Thorndike, Joseph J., “A Trade-In for the Corporate-Income Tax: Echoes,”, 09/30/11

“…The corporate tax has been wearing out for some time. Its contribution to total federal revenue has declined to just 8.9 percent in 2010, from a postwar high of 30.5 percent in 1953. As a share of gross domestic product, it has fallen to 1.3 percent in 2010 from 6.1 percent in 1952.

Current proposals for the repatriation of overseas profits (which remain untaxed as long as they stay offshore) are just another sign that the corporate tax is nearing the end of its useful life. If gutting a tax every three or four years is the only way to keep it functional, then what does that tell us about the tax itself?

So what’s the best way to get rid of it? The U.S., with its dire fiscal outlook, is in no position to simply repeal the levy. Clearly, some sort of replacement is necessary.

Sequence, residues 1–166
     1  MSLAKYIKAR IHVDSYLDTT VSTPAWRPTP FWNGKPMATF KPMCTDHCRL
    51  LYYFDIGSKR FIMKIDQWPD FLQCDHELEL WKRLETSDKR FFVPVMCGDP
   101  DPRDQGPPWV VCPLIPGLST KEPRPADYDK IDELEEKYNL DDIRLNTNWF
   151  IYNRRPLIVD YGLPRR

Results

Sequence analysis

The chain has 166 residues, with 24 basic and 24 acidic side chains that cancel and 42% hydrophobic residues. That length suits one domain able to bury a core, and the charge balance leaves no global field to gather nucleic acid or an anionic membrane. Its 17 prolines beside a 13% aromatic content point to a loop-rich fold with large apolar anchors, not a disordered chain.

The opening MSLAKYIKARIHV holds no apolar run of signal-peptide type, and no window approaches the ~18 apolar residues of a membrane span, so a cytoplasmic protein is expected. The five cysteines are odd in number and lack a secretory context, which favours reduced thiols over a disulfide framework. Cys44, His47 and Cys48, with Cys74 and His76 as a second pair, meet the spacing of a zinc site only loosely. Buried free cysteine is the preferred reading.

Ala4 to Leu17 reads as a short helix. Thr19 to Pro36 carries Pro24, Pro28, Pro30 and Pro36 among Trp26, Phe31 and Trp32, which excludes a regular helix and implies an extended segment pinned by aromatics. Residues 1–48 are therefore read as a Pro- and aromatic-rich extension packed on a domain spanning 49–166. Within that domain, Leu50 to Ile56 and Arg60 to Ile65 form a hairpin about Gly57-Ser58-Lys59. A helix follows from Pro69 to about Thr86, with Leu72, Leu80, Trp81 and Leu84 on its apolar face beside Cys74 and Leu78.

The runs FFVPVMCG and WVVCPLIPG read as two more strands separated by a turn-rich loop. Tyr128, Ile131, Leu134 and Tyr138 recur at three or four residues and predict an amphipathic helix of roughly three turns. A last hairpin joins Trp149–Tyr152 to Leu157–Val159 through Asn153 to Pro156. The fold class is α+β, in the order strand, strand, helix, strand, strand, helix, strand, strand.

Luckily, one is available. A federal value-added tax could finance a gradual retirement of the corporate-income tax. Initially, even a modest VAT could be used to dramatically reduce marginal rates. According to estimates from the Tax Policy Center, a think tank based in Washington, a broad-based 5 percent VAT could pay for a reduction in the top corporate rate to 7.4 percent. Eventually, lawmakers could repeal the tax entirely.”